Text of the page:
Imagine, if you will, a television role in which the lead actor gets to play a variety of parts within the same show. For many actors, that scenario is nothing more than fantasy. But for Michael T. Weiss it's a reality.
As Jarod Russell on NBC's "The Pretender" (Saturday, 9 p.m.), Weiss plays a genius who can master virtually any skill. He uses that talent to become a one-man force for justice.
"He's a fascinating character," Weiss says. "People are always wanting to reinvent themselves. We do get locked into what we think we are. He's also a hero, and people all wish they were heroes."
In the series, Jarod was taken from his parents as a kid and spent decades in isolation under the care of the Centre, a think tank that sold the boy's mental services to the highest bidder. Now an adult, Jarod has fled the Centre and battles those who seem to be above the law.
"It's amazing the amount of characters I've played so far: a doctor, a lawyer, a virologist, a coroner, a police officer, a cowboy, a race car driver, an orchestra leader," says Weiss. "I'm having a great time. It's been a lot of fun."
Weiss broke into acting as a kid doing local commercials in his hometown of Chicago. In 1984 he took the role of Dr. Mike Horton on NBC's "Days of Our Lives."
He left the program six years later -- "Thank God, I left when I did" -- to pursue film and television work. Since then he has co-starred in NBC's 1991 remake of "Dark Shadows," CBS' short-lived 1992 drama "2000 Malibu Road" and in a handful of made-for-television movies.
Away from the small screen, he has played a promiscuous homosexual in the film "Jeffrey" and starred in the recently released film "Freeway."
"I kinda broke away from television," Weiss says. "I've sorta been working in the film world. I've done some great independent films."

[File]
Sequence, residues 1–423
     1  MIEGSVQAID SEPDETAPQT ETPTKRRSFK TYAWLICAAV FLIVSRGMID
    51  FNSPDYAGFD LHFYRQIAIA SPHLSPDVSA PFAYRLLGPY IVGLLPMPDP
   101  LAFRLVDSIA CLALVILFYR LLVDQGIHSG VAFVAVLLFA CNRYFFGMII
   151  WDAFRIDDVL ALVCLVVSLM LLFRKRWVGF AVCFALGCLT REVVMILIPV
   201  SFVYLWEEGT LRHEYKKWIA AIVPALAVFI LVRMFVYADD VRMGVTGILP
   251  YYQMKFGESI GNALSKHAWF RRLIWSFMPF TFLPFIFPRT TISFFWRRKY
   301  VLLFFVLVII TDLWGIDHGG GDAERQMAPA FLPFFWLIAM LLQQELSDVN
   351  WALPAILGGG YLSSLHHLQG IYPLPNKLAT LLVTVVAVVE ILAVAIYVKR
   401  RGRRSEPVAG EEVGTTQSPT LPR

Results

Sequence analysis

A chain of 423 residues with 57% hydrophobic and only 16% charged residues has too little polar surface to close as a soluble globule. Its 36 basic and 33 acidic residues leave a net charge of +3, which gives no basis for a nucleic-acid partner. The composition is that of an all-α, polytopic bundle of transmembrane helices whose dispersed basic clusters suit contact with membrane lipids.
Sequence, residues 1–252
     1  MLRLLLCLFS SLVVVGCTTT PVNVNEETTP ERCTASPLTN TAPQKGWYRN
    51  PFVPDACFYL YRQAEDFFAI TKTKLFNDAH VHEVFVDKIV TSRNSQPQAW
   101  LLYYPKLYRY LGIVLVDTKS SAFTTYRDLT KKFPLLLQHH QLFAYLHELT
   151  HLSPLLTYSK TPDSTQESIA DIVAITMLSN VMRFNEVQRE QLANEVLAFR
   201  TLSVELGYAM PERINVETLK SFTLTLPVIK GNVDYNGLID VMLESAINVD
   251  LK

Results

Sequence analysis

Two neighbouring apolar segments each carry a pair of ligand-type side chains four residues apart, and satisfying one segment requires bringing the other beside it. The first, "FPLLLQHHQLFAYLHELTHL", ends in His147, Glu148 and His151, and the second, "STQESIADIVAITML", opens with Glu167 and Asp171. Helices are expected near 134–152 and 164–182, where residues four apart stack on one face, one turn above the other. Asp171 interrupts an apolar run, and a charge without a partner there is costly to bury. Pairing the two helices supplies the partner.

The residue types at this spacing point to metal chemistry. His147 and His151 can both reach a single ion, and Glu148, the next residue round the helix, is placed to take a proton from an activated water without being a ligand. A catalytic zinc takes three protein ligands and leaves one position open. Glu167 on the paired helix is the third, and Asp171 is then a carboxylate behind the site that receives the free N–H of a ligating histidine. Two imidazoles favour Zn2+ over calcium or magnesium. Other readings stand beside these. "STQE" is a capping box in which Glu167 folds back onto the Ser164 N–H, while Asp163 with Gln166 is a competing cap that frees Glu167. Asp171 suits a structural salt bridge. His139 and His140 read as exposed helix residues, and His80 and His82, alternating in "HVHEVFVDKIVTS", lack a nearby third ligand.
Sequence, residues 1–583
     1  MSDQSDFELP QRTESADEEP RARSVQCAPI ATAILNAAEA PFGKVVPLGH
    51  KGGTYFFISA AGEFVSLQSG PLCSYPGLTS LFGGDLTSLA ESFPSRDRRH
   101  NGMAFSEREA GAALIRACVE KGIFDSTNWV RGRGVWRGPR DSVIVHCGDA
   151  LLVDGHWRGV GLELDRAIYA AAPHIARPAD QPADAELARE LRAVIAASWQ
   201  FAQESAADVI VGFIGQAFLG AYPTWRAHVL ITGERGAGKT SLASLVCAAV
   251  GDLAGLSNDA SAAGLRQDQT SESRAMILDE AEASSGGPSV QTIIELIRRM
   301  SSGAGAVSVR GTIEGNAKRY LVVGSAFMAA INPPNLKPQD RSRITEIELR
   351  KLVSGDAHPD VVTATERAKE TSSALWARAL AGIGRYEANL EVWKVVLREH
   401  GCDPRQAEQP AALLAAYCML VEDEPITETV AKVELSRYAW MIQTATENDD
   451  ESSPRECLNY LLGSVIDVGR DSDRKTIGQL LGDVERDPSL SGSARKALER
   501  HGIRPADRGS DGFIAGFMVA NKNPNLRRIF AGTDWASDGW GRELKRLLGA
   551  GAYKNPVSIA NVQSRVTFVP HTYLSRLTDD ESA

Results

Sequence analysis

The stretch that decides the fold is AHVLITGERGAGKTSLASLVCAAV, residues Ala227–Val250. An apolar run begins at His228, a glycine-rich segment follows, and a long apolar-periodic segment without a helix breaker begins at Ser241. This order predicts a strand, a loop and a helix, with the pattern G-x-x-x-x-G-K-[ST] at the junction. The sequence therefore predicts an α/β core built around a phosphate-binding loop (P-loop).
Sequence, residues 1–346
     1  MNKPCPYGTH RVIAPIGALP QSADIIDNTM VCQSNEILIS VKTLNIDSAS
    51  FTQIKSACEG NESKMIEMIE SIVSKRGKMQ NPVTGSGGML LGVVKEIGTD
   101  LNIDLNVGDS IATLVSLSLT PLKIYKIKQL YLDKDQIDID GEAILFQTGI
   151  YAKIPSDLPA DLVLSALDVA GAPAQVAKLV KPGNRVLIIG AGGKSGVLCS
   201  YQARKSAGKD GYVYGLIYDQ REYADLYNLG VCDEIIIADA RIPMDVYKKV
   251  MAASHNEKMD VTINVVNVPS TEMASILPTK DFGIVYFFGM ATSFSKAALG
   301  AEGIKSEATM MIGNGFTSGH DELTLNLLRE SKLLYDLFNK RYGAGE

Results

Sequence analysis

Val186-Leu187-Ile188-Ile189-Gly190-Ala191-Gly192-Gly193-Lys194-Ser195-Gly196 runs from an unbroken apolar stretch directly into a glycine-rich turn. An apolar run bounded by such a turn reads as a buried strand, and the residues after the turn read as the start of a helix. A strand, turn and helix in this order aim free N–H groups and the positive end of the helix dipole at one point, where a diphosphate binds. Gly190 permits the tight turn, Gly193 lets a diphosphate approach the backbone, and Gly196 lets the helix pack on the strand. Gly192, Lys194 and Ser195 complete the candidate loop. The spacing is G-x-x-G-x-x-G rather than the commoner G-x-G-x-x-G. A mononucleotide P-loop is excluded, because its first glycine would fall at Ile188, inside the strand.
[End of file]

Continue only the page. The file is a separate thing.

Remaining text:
Weiss says he likes the variety of roles available in the movie world, and has focused his attention there. "In television, you kind of get known as your character," he says. "In film, you get known as an actor."
Weiss fully intends to take on movie roles during the series' hiatus periods despite his time-consuming ties to "The Pretender." The workload for the lead actor on an hour-long drama is grueling, with 12-hour days considered to be on the short side. But Weiss isn't complaining.
"You've got to love what you do as an artist or you go insane," he says.
He's also not willing to get caught up in the hype of being on a well-received program on the top-rated network.
"I lost all the pressure of being an actor years ago when I realized that nothing is secure," he says. "I've been in a couple of series that were supposed to be the biggest hits of the year that weren't. I go with the flow. I found it's much easier to proceed in this business that way."
When not working on "The Pretender," Weiss doesn't have much time for hobbies, although he does spend time writing. He recently completed a play, "Streams of Consciousness," and would like to do more.
He admits that being on "The Pretender" has created opportunities for future work, although he's not letting it go to his head.
"I have a really incredible family," he says. "And a great group of friends who keep me sane. It's difficult to stay sane in the '90s."
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This page last updated September 25, 1999